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Distracted driving is becoming a growing threat to road safety in New Zealand with our cellphone the main culprit, and if you think an $80 fine is stiff, Police in Queensland are planning to fine drivers A$1000 for using their phones.
In Queensland the penalty is currently A$400, but plans are to more than double that, while ACT has the highest penalty of A$577.
In NSW, offenders are penalised five demerit points with a A$337 fine and during Christmas you get hit with 10 demerit points. In Victoria, the penalties are four demerit points and a A$484 fine.
Why the big penalties?
Those who use a mobile phone, whether hand-held or hands-free when driving:
- become disoriented and not aware of road conditions
- miss road signs
- may not be able to manage proper lane position and a safe speed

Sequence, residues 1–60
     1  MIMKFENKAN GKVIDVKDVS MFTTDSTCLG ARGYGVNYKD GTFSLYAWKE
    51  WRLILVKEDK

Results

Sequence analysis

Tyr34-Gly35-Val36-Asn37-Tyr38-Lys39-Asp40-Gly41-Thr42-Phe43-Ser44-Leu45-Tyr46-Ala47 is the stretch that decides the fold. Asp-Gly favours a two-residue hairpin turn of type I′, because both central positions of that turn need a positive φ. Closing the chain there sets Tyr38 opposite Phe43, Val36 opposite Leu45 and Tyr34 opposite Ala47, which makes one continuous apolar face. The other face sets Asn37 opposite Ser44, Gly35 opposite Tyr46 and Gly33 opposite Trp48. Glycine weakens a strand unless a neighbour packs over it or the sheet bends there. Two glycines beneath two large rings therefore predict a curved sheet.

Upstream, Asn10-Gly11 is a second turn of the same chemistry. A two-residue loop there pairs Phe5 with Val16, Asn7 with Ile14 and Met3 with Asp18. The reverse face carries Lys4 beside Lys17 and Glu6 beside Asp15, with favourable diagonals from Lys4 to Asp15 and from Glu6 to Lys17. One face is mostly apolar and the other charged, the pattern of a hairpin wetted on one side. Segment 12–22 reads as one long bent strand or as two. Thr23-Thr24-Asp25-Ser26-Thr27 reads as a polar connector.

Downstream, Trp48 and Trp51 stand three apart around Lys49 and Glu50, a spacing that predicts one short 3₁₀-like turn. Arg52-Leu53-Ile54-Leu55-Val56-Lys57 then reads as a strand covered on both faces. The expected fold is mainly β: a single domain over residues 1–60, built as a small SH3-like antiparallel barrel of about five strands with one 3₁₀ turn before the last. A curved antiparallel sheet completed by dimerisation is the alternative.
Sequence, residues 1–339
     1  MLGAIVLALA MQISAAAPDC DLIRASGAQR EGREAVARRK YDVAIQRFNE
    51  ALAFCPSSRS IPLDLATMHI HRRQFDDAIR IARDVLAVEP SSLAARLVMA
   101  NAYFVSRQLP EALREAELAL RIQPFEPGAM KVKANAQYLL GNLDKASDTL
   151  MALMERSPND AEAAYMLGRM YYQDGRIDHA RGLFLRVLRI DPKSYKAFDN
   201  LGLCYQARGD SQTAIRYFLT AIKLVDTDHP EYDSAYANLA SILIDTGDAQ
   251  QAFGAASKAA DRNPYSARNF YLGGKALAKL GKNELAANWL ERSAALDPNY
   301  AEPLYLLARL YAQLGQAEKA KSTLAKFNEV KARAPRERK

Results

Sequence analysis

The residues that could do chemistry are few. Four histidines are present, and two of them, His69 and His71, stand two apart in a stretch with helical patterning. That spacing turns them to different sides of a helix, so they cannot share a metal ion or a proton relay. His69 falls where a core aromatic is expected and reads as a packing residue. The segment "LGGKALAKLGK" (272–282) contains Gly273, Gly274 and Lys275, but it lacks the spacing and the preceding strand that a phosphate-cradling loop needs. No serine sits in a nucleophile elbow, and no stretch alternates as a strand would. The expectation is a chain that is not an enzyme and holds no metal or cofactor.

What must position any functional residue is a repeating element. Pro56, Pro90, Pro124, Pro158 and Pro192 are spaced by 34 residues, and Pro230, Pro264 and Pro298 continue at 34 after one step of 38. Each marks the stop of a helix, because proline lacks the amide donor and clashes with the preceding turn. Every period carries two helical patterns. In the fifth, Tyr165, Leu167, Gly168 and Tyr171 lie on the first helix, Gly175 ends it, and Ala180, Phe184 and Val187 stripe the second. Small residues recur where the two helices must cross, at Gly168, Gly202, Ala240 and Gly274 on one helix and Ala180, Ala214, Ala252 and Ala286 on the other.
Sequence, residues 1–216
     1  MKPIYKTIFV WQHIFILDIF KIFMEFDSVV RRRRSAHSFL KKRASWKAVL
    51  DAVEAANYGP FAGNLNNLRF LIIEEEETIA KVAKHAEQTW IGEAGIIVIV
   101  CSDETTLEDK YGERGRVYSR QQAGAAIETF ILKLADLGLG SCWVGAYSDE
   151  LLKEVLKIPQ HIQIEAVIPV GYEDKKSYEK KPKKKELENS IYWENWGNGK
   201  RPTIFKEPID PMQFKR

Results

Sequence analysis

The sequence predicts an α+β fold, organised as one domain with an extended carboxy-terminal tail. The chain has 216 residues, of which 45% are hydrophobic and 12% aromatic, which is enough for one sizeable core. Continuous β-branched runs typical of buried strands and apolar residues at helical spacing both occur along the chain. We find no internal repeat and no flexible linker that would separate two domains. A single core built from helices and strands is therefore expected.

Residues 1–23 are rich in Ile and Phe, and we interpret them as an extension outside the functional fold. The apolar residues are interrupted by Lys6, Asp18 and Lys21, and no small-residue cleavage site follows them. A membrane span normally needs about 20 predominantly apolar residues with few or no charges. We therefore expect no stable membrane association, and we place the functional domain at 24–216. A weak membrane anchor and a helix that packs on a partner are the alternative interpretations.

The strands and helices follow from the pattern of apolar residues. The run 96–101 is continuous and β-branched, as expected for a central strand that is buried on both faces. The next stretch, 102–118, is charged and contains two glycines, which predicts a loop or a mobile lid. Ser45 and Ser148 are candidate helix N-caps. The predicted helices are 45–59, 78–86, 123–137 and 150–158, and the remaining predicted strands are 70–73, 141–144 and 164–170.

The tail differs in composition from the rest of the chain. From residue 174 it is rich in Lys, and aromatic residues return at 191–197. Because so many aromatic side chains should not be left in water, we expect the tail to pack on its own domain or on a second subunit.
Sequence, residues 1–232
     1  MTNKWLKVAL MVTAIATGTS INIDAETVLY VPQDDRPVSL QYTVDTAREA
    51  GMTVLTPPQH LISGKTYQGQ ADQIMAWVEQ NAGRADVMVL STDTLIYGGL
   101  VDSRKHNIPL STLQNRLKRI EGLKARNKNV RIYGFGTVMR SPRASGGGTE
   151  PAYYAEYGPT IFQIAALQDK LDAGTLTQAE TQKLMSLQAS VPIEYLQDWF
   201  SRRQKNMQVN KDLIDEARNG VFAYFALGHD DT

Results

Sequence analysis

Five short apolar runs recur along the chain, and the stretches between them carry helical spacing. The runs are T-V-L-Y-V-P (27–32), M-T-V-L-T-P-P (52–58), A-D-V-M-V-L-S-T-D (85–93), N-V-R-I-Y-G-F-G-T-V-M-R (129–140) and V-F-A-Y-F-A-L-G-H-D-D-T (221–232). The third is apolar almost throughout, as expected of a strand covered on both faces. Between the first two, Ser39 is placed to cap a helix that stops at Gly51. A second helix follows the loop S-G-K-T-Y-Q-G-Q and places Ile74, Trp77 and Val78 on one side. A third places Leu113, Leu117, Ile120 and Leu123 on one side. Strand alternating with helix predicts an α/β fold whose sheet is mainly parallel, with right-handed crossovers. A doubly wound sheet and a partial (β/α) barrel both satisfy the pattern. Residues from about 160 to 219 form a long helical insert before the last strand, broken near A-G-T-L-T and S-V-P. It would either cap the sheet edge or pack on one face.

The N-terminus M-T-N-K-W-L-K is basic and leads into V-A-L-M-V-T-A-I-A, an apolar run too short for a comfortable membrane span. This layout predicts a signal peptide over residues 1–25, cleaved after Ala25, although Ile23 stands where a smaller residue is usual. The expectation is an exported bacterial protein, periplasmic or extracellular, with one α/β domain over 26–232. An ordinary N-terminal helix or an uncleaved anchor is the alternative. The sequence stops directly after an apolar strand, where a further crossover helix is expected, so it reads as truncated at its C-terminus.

- respond more slowly, take longer to brake and longer to stop
- are more prone to enter risky gaps in traffic
- are more prone to 'tailgate' the vehicle in front
- become more stressed and discouraged
From 1 November 2009 it became illegal for drivers to use a hand-held mobile phone while driving in New Zealand, including making, receiving or terminating a phone call. You can’t text either nor create a video message.
Drivers using mobiles are four times more likely to be involved in a crash and the New Zealand Transport Agency (NZTA) has the statistics to back up those numbers.
In 2018, driver distraction was a contributing factor in 12 fatal crashes, 155 serious injury crashes and 956 minor injury crashes.
According to the Automobile Association, (AA) research has shown that driving while talking on a hand-held mobile can be as dangerous as driving at the legal blood/alcohol limit - and it can increase the risk of being involved in a crash by 400 per cent.